Tuesday, 5 September 2017
Questions without Notice
I thank Senator Reynolds for yet another informed policy question coming from senators on this side of the chamber in contrast to those opposite, who continue to just be interested in political game playing. I'm pleased to tell the Senate that, indeed, the Turnbull government's reforms to higher education are about providing a more student-centred approach in terms of higher education, providing students with more choice, more information and a more relevant experience. Our reform proposals include expansion of sub-bachelor places, associate degree opportunities and the chance to take more relevant, work-linked, industry-linked, shorter programs that are still—to differentiate them from VET—clearly articulated into other higher degree pathways; equally, allowing students to decide where they should take their postgraduate subsidies to ensure that, rather than old historical deals of postgraduate place allocations, we actually have a system where the most worthy students in the most appropriate disciplines choose the field in which they want to undertake their studies and the university that best fits them to do so.
Our reforms also expand for the very first time funding for work placements into university courses so that universities will have a direct incentive to help place their students in work-integrated learning environments to give them a more relevant work experience as part of their training. Overall, there are additional reforms in enhancing transparency of information around admissions and, indeed, measures to help hold universities accountable in the future for ongoing institutional improvements in student satisfaction, in teaching and graduate processes and in employment outcomes for their graduates—all of which are critical. And, yes, there are measures to ensure financial sustainability across the sector as well, a sector that has seen funding grow by 70 per cent since 2009 and which, under our reforms, will still see 23 per cent growth in funding over the next four years.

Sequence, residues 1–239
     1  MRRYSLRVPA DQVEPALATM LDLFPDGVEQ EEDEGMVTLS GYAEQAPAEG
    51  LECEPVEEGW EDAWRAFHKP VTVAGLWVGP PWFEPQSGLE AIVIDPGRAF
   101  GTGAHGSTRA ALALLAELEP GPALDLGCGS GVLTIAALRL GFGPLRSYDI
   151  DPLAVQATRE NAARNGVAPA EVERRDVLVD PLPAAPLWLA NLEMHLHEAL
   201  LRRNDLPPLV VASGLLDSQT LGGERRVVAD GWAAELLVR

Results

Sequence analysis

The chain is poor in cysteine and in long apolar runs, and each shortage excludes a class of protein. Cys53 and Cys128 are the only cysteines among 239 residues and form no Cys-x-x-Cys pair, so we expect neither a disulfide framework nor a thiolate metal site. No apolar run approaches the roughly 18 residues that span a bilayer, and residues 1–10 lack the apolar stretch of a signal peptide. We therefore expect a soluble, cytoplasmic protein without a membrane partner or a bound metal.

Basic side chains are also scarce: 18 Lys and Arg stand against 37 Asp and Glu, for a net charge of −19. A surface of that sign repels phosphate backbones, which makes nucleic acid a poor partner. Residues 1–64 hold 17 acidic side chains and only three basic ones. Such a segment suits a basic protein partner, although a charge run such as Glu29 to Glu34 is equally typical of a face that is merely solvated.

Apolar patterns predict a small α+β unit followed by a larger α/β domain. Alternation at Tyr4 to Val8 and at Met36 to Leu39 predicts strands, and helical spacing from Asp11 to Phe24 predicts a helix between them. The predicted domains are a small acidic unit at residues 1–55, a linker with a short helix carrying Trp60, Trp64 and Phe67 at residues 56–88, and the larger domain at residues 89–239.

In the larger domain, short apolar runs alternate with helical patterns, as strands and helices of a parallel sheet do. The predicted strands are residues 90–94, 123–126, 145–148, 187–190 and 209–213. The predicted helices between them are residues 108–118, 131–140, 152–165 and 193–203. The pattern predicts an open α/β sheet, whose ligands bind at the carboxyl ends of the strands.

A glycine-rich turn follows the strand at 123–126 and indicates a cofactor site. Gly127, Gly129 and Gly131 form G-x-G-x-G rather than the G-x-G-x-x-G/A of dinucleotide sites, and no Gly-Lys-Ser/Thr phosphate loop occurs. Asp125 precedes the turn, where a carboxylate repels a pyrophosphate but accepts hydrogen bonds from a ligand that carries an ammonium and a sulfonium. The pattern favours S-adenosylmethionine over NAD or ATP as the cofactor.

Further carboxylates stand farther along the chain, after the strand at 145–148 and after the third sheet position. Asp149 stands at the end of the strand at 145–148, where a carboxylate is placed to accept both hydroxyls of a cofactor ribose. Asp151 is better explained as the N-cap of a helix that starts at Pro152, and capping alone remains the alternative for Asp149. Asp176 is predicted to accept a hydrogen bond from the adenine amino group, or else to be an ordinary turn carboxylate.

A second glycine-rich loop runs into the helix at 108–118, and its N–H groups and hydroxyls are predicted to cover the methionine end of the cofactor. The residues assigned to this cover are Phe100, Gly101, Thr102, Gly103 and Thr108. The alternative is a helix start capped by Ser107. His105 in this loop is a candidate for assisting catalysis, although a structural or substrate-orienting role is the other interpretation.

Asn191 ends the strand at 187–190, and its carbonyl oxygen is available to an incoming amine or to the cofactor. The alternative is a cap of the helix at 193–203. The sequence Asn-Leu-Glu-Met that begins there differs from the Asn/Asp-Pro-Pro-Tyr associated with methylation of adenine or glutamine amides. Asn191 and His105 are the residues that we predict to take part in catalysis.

We have a wonderful high-performing university sector in Australia. Almost half of our universities are in the top 300 globally. They have collective surpluses of $1½ billion. They are indeed outstanding institutions that make an important contribution to our country. But they're also institutions, as I said before, that have seen enormous growth in taxpayer funding and support in recent years. Indeed, analysis shows that whilst they've seen per student growth in funding of around 15 per cent, the cost growth has only been around 9½ per cent. What we're asking universities to do as part of our reforms is to find some efficiencies, with a slightly slower trajectory of funding growth in the future—still some 23 per cent growth over the next four years, but a slightly slower trajectory of growth. Indeed, many, such as former vice-chancellor Steven Schwartz and former ANU professor Keith Houghton, have identified that there are real productivity opportunities in the university sector that can be deployed and can ensure they continue to succeed and excel within the budget framework. (Time expired)
When the Labor Party were exiting office, before the 2013 election, they recognised at that time that the reforms to university admissions and the opening up of the demand-driven system required paying for, and that it actually had to be funded by the taxpayer. At the time, the Labor Party proposed an efficiency dividend on universities, only, when they lost that election, to backflip in relation to that policy. It wasn't just the efficiency dividend that the Labor Party proposed; they proposed some $6 billion worth of cuts and savings across the university sector. Now, of course, we see the hypocrisy of the Labor Party, who say no to the Turnbull government's more modest reforms and measures than they proposed. We all know that the best thing to do with Labor is to have a look at what they did and what they do—not at what they say or what they claim, because Mr Shorten's words certainly cannot be trusted. We know that, were they to win, the cuts would be back and the hypocrisy would be exposed. (Time expired)